David said, “Tell Bathsheba to come here.” She came and stood in front of him. Then he said, “The living Lord God of Israel has kept me safe. And so today, I will keep the promise I made to you in his name: Solomon will be the next king!” (Contemporary English Version)

Death isn’t exactly a popular subject. You might think, since all of us will eventually experience it personally, and most of us have seen it up close through dying loved ones, we would talk it up as something to face and deal with squarely…. Yet, we don’t.

Death ought to teach us how to live, how to face our limitations, and how to accept hardship and the inevitable.  Through today’s Old Testament lesson, I want us to observe four differing responses to the impending death of King David:

King David’s Servants

The servants of David treated his downward health as a problem to be solved. They were essentially sidestepping the whole death situation. The servants knew the David who was vigorous and took on enemies and problems. They wanted him to act like a king, so they looked for the miracle cure of a virgin who would be some sort of fix for David. In the ancient world, a king’s vitality was always linked to his sexual vigor. The servants thought if they could arouse David, he would be back to his old kingly self. In other words, the servants were trying to avoid death. And, of course, it didn’t work.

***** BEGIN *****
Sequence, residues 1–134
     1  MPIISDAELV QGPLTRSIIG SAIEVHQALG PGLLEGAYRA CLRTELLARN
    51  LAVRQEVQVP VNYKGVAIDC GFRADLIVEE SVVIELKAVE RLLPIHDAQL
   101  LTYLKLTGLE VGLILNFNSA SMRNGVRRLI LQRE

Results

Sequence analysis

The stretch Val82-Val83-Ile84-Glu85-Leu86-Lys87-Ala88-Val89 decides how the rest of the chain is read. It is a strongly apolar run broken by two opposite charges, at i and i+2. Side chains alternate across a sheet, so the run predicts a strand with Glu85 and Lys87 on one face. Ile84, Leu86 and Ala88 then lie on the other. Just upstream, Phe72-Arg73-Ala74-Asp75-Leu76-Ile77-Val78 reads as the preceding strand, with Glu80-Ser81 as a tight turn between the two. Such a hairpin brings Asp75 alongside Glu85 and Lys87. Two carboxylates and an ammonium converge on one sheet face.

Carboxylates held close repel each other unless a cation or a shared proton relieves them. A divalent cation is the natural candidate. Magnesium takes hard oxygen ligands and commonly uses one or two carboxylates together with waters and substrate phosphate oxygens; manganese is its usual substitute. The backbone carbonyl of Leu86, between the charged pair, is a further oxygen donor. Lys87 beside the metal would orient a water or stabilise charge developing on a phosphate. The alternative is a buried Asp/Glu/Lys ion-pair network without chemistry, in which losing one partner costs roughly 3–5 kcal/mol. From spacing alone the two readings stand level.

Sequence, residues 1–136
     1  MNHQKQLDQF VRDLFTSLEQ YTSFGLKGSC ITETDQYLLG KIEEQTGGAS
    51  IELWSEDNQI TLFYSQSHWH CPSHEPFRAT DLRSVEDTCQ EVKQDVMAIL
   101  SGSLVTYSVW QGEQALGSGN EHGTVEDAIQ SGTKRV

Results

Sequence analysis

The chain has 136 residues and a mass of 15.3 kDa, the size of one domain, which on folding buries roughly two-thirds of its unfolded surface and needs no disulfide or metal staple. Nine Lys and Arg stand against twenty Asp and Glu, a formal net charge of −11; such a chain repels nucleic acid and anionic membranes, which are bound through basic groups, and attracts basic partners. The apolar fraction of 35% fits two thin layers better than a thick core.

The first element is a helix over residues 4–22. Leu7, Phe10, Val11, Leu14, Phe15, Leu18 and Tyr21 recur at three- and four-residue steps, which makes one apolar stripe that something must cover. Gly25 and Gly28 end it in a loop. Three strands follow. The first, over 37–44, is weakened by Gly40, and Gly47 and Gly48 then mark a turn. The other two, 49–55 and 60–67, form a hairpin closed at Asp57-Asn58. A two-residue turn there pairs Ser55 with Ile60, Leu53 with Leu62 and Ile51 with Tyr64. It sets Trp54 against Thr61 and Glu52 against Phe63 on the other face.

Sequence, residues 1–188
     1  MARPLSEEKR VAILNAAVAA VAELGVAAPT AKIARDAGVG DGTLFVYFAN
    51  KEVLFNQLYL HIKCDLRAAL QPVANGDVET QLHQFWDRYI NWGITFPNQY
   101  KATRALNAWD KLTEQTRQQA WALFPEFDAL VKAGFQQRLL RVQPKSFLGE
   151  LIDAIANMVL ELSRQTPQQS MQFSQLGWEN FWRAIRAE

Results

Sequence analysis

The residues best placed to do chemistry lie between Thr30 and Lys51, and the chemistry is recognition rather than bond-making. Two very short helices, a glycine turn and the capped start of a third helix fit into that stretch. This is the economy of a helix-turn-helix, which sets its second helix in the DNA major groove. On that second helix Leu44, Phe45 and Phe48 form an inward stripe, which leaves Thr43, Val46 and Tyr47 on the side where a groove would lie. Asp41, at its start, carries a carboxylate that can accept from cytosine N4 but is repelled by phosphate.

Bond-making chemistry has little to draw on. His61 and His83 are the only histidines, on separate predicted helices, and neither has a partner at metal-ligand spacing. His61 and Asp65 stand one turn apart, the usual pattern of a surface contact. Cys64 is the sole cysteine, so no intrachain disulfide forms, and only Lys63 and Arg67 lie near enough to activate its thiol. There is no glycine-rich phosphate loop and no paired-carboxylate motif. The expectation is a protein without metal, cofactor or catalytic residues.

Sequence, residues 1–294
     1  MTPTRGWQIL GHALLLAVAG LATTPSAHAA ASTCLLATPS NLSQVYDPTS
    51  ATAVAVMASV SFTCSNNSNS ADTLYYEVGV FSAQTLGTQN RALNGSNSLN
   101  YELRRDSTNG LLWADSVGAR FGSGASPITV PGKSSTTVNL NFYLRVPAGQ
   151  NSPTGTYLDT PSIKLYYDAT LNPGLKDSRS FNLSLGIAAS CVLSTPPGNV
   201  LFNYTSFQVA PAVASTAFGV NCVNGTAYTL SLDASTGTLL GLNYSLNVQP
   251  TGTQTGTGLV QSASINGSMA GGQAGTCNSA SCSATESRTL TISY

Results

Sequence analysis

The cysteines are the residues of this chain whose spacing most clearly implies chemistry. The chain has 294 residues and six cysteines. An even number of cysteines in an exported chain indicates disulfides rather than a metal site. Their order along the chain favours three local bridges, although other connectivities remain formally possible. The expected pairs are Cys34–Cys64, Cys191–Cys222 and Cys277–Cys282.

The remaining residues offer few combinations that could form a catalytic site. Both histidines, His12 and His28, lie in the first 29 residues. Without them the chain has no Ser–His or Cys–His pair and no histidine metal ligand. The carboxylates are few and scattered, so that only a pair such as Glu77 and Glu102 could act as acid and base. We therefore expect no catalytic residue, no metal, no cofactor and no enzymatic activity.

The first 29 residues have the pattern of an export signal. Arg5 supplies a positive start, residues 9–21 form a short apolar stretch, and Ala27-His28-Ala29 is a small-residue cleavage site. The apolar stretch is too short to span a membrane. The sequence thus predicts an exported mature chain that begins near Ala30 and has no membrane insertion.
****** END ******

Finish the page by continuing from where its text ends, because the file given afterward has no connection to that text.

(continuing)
King David’s Son, Adonijah

Whereas the servants were scheming a way to get the old David back in the saddle, Adonijah was impatient to see his father David in the grave. He wanted his dad, the king, out of the way so he could pursue his own kingship. So, Adonijah simply proclaimed himself king, maybe hoping to hasten David’s death. Adonijah was just looking for his own opportunity and ended up losing his own life for it. Adonijah never understood the true dynamics of life and death – that life is complicated, and death should be honored, not used for personal gain.

King David’s Wife, Bathsheba

Bathsheba wanted to make sure her son Solomon became king. Reading today’s narrative, you might wonder why King David needed a virgin – where in the world was his wife!?  Bathsheba shows up to see David, not because she wanted to keep him warm and comfort him, but because she was concerned for her son. For Bathsheba, David simply became a means to an end – someone who could help her negotiate a difficult situation.

King David’s Caregiver, Abishag

Throughout this story, we have no recorded words from Abishag. Everyone else had plenty to say. In contrast to all of the other people, Abishag is simply a witness to David’s deteriorating health, and eventual death. She is like a hospice worker, who exists to ease the person’s pain in the end of life. In this, we can perhaps learn more from Abishag than from anyone else – to be present, to listen, to serve.

Unfortunately, death brings out the worst in some people. But if we will face death and not view it as a problem to be solved, an opportunity to be seized, or a difficulty to be negotiated, I believe we will find the grace of God when we become sacred witnesses to death.